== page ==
-> Yes, I've built in a number of collision bulkheads as well as "water-tight" areas of the boat should I take a holing.


    -> If you have a moment, can you go into more detail about ring frames and how you might install them in my case? I'd also be happy to do my own reading and research on this if you had some good resources to provide.

    -> Not sure if this is even possible to answer, but when is the point of being too stiff? What happens when a boat is too stiff? If a fiberglass boat was flexible, it could possible tear the tabbing off the hull, so it would almost seem that the stiffer the better in this case. I'm curious about this, because I thought stiff was a good goal!

    -> I could drill holes, but the stiffeners will be installed below my 1" of armacell insulation, so having them drain won't be easy. It wouldn't be impossible, but would require some thought. If I use close cell foam, this might be a better option (especially since I already have the foam on hand).
     
  6. PAR
    Joined: Nov 2003
    Posts: 19,133
    Likes: 470, Points: 93, Legacy Rep: 3967
    Location: Eustis, FL

    PAR Yacht Designer/Builder

    Longitudinal ring frames are just like bulkheads, except the center is cut out for access to the space. You can butt and tab them to neighboring bulkheads and furniture partitions, which essentially makes them continuous or at least part of a "grid" system.

    'Glass hulls are fairly flexible, which is why the old 60's and early 70's hulls were so thick (I have an early 70's sailboat of 22' with a 1/2" thick hull shell!). They used heavy laminates and minimum internal stiffeners. Later it was found you could decrease the hull shell thickness, use internal stiffeners, such as stringers and bulkheads, and furniture partitions. This saved weight and materials cost, but added to the labor and complexity of the build. Eventually, labor costs were relieved with structural liners that incorporated stiffeners.

    Breaking out tabbing isn't an uncommon thing, especially in powerboats. As a boat flexes, loads are transmitted to neighboring elements and then they also flex. It's a normal thing and also a good thing. If it was too stiff, you'd break out much more tabbing, as the separate elements wouldn't "give" a little under load and forces would become concentrated, rather then dispersed. How much is too much? Well, this is a very difficult thing to answer. From the very general information you've provided, I'd say you're pushing it, but not there yet.
     
  7. bristol27
    Joined: Oct 2011
    Posts: 15
    Likes: 0, Points: 0, Legacy Rep: 10
    Location: Portland, OR

    bristol27 Junior Member

    I have decided against adding longitudinal stringers at this point in the project. Had it been earlier in the process (like, right after I gutted the entire boat) it might be a different story. However, considering the current access I have to the interior, plus the uncertainty of what I would gain from adding just partial stringers, this doesn't seem like a wise design decision or effort.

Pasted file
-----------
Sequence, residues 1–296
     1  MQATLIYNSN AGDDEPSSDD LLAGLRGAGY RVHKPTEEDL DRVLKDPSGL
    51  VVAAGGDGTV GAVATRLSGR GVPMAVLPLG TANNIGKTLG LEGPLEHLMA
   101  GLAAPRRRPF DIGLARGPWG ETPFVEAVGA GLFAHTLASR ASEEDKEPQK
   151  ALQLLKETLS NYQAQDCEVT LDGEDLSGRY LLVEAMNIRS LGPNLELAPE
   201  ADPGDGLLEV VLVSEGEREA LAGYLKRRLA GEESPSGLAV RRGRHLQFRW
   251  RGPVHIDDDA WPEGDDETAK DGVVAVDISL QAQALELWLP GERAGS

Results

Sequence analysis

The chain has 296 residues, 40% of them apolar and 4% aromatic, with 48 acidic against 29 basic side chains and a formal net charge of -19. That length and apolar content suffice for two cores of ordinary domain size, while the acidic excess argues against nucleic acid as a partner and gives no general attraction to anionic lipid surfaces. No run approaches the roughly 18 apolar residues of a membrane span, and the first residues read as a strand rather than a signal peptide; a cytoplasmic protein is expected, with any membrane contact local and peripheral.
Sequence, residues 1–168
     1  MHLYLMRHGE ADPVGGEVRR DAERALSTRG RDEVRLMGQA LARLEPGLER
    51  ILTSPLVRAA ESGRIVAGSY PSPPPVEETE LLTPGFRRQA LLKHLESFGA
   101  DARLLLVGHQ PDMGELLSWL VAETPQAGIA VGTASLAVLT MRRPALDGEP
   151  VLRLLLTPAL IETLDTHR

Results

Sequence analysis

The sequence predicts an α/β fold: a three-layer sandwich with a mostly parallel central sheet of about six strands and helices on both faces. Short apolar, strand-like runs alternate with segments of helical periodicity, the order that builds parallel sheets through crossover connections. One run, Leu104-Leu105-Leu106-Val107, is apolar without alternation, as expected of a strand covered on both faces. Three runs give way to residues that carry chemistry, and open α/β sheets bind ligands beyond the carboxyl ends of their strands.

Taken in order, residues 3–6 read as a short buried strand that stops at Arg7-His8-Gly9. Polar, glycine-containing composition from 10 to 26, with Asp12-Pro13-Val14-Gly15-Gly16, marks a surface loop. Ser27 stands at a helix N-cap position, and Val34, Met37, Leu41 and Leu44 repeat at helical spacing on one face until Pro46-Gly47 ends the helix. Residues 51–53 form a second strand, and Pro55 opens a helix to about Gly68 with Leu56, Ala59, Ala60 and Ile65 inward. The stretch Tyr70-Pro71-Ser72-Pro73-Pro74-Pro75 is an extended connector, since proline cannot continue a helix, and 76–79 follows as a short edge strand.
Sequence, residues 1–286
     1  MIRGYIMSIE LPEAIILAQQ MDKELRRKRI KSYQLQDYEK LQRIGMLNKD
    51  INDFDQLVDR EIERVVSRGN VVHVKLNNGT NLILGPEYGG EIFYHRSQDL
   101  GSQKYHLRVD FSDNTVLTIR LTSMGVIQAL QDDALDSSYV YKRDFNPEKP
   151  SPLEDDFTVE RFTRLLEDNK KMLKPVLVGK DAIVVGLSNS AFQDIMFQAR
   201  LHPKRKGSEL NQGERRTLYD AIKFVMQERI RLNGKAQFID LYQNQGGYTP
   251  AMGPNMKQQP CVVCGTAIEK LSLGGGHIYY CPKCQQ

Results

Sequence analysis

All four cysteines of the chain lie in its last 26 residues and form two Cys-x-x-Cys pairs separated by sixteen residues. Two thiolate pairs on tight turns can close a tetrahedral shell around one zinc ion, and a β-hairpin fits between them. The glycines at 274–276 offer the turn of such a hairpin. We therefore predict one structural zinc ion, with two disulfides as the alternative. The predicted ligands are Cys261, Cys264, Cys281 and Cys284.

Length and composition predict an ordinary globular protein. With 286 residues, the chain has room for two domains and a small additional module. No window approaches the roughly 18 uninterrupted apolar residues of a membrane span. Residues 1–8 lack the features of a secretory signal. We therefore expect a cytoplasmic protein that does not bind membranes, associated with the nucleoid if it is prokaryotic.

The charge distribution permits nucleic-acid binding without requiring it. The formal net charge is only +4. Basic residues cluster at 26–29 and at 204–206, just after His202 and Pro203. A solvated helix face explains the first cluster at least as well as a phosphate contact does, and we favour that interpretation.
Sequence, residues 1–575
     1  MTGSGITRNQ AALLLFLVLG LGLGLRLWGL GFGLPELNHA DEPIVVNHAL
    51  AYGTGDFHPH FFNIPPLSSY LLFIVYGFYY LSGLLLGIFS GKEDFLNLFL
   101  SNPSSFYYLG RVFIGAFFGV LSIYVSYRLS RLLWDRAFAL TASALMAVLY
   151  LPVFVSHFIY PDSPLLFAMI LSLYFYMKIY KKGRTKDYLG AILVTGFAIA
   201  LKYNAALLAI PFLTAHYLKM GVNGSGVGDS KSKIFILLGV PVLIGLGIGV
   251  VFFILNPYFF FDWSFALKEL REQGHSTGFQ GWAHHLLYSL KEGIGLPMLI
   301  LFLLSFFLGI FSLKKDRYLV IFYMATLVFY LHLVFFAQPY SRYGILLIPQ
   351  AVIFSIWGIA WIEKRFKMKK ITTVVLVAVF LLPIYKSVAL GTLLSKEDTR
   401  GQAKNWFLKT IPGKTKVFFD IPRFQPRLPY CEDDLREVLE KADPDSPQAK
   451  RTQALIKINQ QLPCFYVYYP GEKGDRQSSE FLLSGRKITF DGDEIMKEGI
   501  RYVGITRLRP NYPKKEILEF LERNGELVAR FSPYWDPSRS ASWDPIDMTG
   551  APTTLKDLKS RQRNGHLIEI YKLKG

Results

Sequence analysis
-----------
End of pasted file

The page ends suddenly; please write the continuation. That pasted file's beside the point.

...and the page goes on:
Perhaps in the next boat I build I will implement this type of thinking earlier on, but now onward to cockpit modifications, seahood construction and other fun things :)
     
  8. michael pierzga
    Joined: Dec 2008
    Posts: 4,862
    Likes: 114, Points: 0, Legacy Rep: 1180
    Location: spain

    michael pierzga Senior Member

    Remember to cut big drain holes in your furniture bulkheads or you will have a dozen small stinky bilges.

    Also while you have the boat gutted perfect the efficiency of your bilge pumping system. This means pouring Chockfast into the low point of bilges to raise the level, then forming a Recess in this chockfast pond...like a " cup " footprint.... for the bilge pump intake to lie in. Anchor lockers...engine bilge....shower sump bilge....

    http://www.chockfast.com/itwproducts.html#Anchor-Chockfast-14210
     

  9. daiquiri
    Joined: May 2004
    Posts: 5,372
    Likes: 239, Points: 73, Legacy Rep: 3380
    Location: Italy (Garda Lake) and Croatia (Istria)

    daiquiri Engineering and Design

    Anyways, try to avoid solutions like the one in your first picture. If arranged in that way, stringers will push against bulkheads to create bending moments which bulkheads were not designed for.

    A picture (made through a FE software) of a simplified structure with nonaligned stringers attached to a transverse bulkhead visually shows the stresses acting on that bulkhead, and the resulting (exaggerated) deformations:

    Deformation.jpg

    Stringers should be arranged in such way that stress is transmitted longitudinally and possibly with no discontinuities across the bulkhead, for example by connecting non-aligned stringers with diagonal sections:

    Deformation 2.jpg

    You can see that in the latter case the bulkhead is not subject to bending moments originated by stringers, because they are no more pushing against it in separate points.
    You can also notice from the two previous examples that the second solution also gives much smaller overall deformations (deformation scale, material, thickness and pressure have the same value for both models). So whenever stringers have to be kept non-aligned (for whatever reason, the second solution is definitely to be preferred over the first one.

    Cheers!
     
Loading...
Forum posts represent the experience, opinion, and view of individual users. Boat Design Net does not necessarily endorse nor share the view of each individual post.
When making potentially dangerous or financial decisions, always employ and consult appropriate professionals. Your circumstances or experience may be different.